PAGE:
Change, then, is both an inescapable part of both internal and external hormonal regulation and response. But that doesn't mean that it doesn't pose challenges when we do it to ourselves with our hrts.

But the ups and downs are killing me!

The problem is that our body wants to regulate things so we stay on a fairly even keel amidst all of these changes. We work hard, all the time, to do so. When that doesn't happen, of course, the resulting temporary imbalance and the shifts of it coming and going all cause symptoms that can range from annoying to devastating. And it's a feature of our response to change that the greater the fluctuation, the greater the response to it will be.

The most comfortable hrt, then, is going to be one that eases into our bodies with the least disruption, is taken at a dose that lasts long enough that its falling effectiveness meets the rise of the next dose without either great troughs or peaks, and provides a reservoir of hormonal potential to get us through the times of day when we must respond to a need for greater hormonal activity. And as it turns out, none of that actually requires anything like a completely continuous supply.

Minimizing the ups and downs due to uptake

There are two important facets of getting hrts into our bodies. First, they have to physically get into our systems and, second, they need to impact our circulation in a fairly tolerable manner. Both of these factors can present us with problems when hrt characteristics are a mismatch for our personal capabilities.

In dealing with the first problem, we need a delivery method that our bodies can absorb smoothly and reliably. A patch that is stuck now and flapping later isn't going to do that; instead, it will provide us with a roller coaster of ups and downs. Oral deliveries may not work reliably for all women. A gel might be sweat off on the days we go to the gym. All hrt delivery routes have ways they can fail to work smoothly, and so when we're not happy with how a dose is taken up by our bodies, we need to take a close look at just what kinds of interference we might be experiencing at this basic level of delivery.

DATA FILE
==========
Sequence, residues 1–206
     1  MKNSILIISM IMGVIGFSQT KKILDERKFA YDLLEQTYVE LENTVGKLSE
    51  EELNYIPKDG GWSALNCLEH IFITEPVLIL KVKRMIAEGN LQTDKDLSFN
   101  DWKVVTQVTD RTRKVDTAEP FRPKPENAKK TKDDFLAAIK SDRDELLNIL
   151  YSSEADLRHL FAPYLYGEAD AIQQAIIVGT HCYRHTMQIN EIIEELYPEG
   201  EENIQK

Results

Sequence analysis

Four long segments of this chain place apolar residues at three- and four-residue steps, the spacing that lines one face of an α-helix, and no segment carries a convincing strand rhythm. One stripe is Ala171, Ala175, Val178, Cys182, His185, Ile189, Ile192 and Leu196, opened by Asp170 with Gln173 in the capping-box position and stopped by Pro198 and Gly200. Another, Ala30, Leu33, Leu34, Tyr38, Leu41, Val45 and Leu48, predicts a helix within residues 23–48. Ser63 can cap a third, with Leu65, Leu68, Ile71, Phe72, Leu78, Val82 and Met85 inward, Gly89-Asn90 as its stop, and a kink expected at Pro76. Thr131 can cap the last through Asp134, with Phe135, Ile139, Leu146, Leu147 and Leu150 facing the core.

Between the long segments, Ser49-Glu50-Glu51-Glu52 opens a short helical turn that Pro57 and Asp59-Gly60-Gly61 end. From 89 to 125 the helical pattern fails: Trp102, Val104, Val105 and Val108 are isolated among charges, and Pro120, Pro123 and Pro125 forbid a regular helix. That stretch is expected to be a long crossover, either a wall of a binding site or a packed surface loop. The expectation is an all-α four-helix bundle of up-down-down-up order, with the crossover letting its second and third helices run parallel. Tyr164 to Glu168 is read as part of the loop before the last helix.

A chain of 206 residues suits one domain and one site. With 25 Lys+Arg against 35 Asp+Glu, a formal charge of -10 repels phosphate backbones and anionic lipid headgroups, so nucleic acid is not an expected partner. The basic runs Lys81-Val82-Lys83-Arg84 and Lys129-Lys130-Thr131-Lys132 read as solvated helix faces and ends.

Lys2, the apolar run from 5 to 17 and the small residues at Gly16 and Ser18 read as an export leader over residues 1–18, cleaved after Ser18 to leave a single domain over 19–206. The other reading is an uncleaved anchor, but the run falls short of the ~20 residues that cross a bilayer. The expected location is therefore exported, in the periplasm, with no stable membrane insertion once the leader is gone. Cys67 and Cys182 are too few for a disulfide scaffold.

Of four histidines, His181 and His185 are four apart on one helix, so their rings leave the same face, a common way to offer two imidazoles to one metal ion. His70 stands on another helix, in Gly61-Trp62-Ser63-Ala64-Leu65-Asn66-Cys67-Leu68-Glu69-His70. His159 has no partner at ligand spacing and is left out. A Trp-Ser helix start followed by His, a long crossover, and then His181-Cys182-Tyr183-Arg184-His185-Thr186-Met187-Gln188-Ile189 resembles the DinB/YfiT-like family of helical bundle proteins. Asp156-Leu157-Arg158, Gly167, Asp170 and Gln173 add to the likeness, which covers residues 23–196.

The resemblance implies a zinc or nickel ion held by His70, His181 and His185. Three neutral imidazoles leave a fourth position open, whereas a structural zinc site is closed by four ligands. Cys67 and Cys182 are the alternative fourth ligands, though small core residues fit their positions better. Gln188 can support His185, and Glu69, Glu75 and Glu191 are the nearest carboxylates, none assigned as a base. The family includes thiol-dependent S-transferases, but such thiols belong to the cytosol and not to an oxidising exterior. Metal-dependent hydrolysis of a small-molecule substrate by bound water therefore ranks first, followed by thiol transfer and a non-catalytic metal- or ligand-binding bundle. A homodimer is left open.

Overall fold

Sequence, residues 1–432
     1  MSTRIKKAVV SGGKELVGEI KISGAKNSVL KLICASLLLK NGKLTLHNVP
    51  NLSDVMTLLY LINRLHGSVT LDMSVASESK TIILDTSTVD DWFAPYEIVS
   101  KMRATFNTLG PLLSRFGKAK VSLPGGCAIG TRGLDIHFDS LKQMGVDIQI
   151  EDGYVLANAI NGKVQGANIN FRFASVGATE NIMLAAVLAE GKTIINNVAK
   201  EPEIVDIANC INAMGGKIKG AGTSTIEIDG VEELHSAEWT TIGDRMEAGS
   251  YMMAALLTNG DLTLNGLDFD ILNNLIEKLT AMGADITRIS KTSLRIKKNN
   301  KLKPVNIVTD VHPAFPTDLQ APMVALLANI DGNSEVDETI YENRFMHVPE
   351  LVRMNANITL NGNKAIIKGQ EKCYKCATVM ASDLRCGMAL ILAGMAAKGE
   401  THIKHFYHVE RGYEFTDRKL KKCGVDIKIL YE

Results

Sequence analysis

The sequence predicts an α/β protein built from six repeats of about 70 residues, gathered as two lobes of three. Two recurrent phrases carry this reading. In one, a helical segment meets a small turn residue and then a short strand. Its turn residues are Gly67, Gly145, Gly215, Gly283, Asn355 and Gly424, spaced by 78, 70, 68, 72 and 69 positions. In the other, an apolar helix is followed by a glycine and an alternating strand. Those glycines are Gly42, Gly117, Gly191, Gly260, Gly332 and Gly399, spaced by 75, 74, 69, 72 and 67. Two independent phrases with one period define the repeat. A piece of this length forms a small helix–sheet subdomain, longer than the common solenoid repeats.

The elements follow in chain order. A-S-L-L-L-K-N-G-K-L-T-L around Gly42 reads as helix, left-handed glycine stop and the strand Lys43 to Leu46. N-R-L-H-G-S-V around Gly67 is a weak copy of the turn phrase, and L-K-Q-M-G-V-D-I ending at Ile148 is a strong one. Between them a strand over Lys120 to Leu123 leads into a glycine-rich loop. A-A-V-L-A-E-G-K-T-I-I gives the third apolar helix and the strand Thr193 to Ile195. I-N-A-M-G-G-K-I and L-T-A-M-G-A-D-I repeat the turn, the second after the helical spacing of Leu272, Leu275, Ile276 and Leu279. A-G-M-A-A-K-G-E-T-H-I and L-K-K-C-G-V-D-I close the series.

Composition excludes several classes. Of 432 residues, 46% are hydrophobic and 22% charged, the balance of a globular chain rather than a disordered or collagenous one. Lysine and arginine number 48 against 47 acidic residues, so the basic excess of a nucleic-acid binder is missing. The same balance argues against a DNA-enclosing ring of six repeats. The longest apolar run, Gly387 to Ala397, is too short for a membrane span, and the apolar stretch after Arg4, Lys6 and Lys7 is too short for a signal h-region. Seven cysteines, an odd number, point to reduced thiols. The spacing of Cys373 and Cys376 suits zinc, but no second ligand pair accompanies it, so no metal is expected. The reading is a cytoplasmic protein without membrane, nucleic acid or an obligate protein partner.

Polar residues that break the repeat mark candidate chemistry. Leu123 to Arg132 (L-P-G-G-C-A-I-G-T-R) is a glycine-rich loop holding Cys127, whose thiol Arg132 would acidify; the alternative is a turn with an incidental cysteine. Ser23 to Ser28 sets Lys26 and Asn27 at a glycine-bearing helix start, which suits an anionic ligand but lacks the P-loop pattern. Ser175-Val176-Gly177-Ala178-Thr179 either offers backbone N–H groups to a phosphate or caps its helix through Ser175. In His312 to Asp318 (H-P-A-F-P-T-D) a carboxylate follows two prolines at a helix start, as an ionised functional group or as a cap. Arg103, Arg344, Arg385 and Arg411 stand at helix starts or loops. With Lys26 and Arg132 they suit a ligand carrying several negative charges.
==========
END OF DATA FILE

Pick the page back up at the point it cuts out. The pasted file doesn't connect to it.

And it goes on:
But it's not enough to get those hormones into our bodies effectively. We also have to weather the rise in circulating hormone levels. Each hrt will create a slightly different uptake curve. A patch will start delivering fairly rapidly, but if the previous patch was exhausted and our hormone support from it had dropped, even the small dose delivered by a patch will be seen as a sharp uptick by our bodies. Some women find that the rapid absorption of a whole day's transbuccal dose doesn't dissipate rapidly enough to prevent being hit by something of a slam.

Each hrt has its own time and type of uptake. When we are troubleshooting these, we can look at alternatives that might perform differently. For example, if a cream transdermal dose seems to provide too abrupt an uptake to be comfortable, perhaps the slower uptake of a gel would be more gentle while still otherwise providing a transdermal profile of effects.